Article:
- Anna Latino/Special to The S.F. Examiner
- Bartender Mana Yasuda has been given free rein to tinker with the drink menu at Mum’s, where most items reflect her infatuation with hamsters.
It’s rare that a bar’s drink menu completely reflects one bartender’s obsession, but that’s the case at Mum’s, the bar and restaurant attached to Japantown’s Hotel Tomo. “I’m crazy for hamsters,” says bartender Mana Yasuda. That sentiment is reflected in the cocktails she creates, which have names such as Hamster on the Beach, Mexican Hamster, Hamster Sundae and Gloomy Hamster. This zaniness fits in perfectly with Tomo’s expression of hotel as pop culture art object. Each of the anime-themed guest rooms is filled with cutting-edge furniture and features a unique mural by artist Heisuke Kitazawa. Kitazawa sometimes goes by the moniker “PCP,” which seems appropriate in light of his work’s psychedelic, hallucinatory quality. His art also appears in Mum’s dining room, and features cute, ghostlike cartoon creatures floating through scenes of everyday Japanese life.
Yasuda is a graphic artist in her own right, and has worked for an interior design company in Japan. When she uses an artist’s metaphors to explain the reasoning behind her hamster cocktails, she makes them sound like the logical extension of the cuteness and mystery in Kitazawa’s murals. Says Yasuda, “The concept is that these drinks are easy to drink, and taste like candy, but with a lot of alcohol inside. Like a hamster, very cute, but very tough.”
Putting a lot of alcohol in the drinks is not as irresponsible as it sounds, because Yasuda’s biggest cocktails are served in carafes to be shared by small groups of friends. This is something the drinks have in common with the food. Mum’s was one of the first restaurants in the Bay Area to offer shabu-shabu, thinly sliced meat and vegetables cooked right at your table. Winnie Tam, whose family owns the restaurant, says, “We’re really big on serving food that’s designed to be shared. We like the carafe idea for drinks because it promotes the kind of sharing, communal experience that’s so important in Japanese culture.”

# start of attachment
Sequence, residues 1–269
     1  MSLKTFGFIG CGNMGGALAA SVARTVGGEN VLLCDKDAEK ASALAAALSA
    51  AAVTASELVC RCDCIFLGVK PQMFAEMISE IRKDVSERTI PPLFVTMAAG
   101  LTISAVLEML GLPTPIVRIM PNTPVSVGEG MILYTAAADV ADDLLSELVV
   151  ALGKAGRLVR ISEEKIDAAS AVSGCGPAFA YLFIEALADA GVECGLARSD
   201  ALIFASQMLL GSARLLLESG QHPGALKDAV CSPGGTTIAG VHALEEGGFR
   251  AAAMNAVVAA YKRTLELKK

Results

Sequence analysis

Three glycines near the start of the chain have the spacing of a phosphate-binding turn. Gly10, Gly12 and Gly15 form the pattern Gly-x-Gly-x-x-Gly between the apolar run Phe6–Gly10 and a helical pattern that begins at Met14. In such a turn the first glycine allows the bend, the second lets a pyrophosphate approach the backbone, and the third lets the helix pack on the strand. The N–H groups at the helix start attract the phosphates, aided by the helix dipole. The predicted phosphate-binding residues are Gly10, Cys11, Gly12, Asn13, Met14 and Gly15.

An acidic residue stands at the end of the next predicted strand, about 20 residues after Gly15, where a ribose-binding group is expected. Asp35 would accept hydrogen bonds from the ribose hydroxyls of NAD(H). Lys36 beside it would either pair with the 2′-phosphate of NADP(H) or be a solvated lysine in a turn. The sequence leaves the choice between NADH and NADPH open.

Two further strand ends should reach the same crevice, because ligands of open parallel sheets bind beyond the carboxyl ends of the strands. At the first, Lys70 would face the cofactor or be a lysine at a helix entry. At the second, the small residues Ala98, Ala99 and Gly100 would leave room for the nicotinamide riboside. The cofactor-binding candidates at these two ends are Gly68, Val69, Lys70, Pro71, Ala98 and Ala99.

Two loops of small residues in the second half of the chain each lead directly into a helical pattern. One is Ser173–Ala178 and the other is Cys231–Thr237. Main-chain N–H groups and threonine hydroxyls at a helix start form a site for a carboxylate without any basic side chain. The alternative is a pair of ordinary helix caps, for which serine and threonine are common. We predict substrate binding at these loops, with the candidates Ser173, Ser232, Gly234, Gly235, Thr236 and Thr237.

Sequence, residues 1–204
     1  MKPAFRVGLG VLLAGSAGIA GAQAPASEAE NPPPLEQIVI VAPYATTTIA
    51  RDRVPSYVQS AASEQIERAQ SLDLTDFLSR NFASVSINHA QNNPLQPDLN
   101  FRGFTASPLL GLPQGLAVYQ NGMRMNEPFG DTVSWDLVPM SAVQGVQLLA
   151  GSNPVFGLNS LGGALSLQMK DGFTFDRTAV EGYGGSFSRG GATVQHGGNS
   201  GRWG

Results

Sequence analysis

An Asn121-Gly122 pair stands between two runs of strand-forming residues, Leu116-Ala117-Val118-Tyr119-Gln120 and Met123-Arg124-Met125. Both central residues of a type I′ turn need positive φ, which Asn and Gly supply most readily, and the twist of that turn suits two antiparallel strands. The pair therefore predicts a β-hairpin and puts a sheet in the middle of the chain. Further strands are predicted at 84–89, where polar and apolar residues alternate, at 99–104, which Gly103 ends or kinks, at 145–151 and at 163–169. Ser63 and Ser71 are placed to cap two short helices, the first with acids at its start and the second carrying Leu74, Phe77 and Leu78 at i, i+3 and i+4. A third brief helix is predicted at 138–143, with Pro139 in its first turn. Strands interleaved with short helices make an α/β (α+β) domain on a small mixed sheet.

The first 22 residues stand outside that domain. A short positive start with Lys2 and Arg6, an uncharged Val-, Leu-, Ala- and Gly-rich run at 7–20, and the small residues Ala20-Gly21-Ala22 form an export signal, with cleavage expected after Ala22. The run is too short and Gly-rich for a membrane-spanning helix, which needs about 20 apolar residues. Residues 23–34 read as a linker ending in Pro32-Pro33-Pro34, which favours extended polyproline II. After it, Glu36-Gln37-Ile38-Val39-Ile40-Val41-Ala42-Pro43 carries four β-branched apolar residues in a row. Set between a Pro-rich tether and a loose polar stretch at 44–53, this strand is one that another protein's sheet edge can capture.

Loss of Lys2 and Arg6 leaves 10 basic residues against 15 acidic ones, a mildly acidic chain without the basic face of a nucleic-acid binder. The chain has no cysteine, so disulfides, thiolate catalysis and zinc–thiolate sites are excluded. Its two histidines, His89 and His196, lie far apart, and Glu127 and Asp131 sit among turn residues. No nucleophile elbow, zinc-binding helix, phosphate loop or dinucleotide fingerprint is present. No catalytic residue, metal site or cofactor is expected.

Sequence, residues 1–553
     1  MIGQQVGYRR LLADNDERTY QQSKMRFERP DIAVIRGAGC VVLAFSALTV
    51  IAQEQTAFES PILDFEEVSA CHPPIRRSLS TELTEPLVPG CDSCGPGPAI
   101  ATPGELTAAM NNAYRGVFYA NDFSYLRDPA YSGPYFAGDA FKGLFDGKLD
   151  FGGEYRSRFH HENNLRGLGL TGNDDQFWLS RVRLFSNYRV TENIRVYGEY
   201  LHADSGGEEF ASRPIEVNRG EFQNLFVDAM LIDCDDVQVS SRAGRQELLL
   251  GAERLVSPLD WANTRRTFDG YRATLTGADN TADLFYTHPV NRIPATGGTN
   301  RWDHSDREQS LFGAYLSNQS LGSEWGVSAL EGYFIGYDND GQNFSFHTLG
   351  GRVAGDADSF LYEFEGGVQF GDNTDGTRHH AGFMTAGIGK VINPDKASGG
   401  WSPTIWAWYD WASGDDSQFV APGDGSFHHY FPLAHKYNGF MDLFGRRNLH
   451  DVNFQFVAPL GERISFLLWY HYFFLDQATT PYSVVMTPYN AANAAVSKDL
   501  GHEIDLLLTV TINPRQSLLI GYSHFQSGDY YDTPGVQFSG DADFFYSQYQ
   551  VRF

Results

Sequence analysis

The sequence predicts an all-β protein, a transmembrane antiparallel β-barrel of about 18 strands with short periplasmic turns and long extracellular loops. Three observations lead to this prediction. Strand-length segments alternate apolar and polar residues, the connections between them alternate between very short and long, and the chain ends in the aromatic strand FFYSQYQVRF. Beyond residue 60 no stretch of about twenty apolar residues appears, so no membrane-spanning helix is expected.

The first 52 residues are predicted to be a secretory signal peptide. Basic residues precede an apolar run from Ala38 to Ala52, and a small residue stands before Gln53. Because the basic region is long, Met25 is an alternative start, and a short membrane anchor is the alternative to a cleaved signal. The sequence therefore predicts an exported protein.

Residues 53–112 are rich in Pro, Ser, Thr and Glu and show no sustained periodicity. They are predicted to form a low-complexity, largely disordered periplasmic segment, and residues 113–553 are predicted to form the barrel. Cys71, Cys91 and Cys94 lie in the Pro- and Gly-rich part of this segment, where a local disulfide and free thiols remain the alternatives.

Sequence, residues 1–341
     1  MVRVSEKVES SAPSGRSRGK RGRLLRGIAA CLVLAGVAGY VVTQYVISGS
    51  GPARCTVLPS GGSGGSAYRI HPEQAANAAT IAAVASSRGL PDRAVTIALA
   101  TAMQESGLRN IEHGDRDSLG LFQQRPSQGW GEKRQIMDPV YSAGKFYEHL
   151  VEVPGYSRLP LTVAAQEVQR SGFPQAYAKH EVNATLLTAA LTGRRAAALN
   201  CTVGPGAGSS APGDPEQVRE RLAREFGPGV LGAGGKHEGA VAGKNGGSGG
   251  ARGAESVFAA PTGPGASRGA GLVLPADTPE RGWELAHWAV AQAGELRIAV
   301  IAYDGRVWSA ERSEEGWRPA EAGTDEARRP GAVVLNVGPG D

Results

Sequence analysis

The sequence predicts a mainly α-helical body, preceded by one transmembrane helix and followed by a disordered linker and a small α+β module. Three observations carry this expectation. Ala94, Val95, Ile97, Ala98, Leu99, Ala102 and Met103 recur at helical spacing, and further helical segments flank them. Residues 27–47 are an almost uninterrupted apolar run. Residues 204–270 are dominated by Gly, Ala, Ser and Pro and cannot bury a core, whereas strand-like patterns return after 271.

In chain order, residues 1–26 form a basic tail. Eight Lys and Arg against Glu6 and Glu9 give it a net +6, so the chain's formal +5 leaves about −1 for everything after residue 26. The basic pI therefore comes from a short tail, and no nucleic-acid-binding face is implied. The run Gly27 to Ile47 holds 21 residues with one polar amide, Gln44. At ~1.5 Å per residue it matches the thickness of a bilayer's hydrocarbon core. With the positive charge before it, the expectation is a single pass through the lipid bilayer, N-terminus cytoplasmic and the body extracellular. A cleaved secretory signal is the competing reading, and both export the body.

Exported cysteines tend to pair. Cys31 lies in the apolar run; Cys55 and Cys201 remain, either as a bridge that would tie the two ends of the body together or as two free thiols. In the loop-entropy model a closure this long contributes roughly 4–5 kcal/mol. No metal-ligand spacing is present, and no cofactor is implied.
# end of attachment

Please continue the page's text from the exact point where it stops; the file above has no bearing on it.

In addition to helping her parents run the restaurant, Tam also covers shifts behind the bar, and she has a full-time job as a real estate agent. Though her family is originally from Hong Kong, she’s very interested in preserving Japanese elements in Mum’s cocktails. The drink recipes at Mum’s tend to call for Japanese ingredients, such as sake, shochu (sometimes described as “Japanese vodka”), Midori melon liqueur and Calpico, which is a Japanese soft drink. Sake martinis and shochu gimlets are popular choices, and Mum’s Japanese Gibson is made with sake and garnished with a pickled plum instead of an onion. Whisky connoisseurs will be glad to know Suntory’s Yamazaki Single Malt also is available. Tam says Yasuda was given free rein to add new creations to the menu. Says Tam, “A lot of Mana’s drinks are classic drinks that she tweaks so she can make them her own.”
Despite her hamster love, Yasuda has yet to find a replacement for her last hamster, Laino, who passed away two years ago. She likens herself to a widow, explaining, “Once you’ve had a really great little hamster guy, it takes a long time to find another one.”
- 4.5 oz. Shochu
- 2.5 oz. Midori
Shake with ice. Strain into carafe. Add 1 oz. Calpico. Top with pineapple juice and water. Present carafe with shot glasses. Serves four.
1800 Sutter St. • (415) 931-6986 • www.mumssf.com